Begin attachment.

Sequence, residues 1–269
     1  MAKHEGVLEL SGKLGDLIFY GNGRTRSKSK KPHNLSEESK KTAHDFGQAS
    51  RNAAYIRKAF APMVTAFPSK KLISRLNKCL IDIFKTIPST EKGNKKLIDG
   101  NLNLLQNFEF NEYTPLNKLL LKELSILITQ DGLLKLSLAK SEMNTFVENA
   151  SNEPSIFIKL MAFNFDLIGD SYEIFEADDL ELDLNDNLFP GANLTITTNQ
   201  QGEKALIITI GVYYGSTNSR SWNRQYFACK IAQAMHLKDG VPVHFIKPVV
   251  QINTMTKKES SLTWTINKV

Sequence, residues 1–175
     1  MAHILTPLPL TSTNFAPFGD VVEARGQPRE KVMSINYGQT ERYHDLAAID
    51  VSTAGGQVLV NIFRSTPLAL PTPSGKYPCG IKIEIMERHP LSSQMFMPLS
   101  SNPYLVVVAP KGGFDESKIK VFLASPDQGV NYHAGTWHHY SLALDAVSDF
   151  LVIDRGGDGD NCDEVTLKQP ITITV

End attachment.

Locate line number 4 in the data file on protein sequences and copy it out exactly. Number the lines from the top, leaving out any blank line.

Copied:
   101  NLNLLQNFEF NEYTPLNKLL LKELSILITQ DGLLKLSLAK SEMNTFVENA